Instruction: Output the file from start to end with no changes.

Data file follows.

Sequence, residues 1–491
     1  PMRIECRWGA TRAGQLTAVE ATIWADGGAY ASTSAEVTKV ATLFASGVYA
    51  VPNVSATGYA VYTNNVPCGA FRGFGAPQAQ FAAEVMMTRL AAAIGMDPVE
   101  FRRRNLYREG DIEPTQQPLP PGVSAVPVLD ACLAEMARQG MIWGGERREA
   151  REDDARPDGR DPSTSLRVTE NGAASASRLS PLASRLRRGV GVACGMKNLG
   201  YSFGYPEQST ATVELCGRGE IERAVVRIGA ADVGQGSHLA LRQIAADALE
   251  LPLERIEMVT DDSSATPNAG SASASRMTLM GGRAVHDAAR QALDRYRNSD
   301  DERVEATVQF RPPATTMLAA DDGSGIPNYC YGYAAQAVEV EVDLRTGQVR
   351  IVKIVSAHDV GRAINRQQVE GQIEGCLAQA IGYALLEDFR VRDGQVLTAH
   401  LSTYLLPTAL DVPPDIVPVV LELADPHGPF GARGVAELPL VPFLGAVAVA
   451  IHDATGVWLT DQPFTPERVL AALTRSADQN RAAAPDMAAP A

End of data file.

Sequence, residues 1–491
     1  PMRIECRWGA TRAGQLTAVE ATIWADGGAY ASTSAEVTKV ATLFASGVYA
    51  VPNVSATGYA VYTNNVPCGA FRGFGAPQAQ FAAEVMMTRL AAAIGMDPVE
   101  FRRRNLYREG DIEPTQQPLP PGVSAVPVLD ACLAEMARQG MIWGGERREA
   151  REDDARPDGR DPSTSLRVTE NGAASASRLS PLASRLRRGV GVACGMKNLG
   201  YSFGYPEQST ATVELCGRGE IERAVVRIGA ADVGQGSHLA LRQIAADALE
   251  LPLERIEMVT DDSSATPNAG SASASRMTLM GGRAVHDAAR QALDRYRNSD
   301  DERVEATVQF RPPATTMLAA DDGSGIPNYC YGYAAQAVEV EVDLRTGQVR
   351  IVKIVSAHDV GRAINRQQVE GQIEGCLAQA IGYALLEDFR VRDGQVLTAH
   401  LSTYLLPTAL DVPPDIVPVV LELADPHGPF GARGVAELPL VPFLGAVAVA
   451  IHDATGVWLT DQPFTPERVL AALTRSADQN RAAAPDMAAP A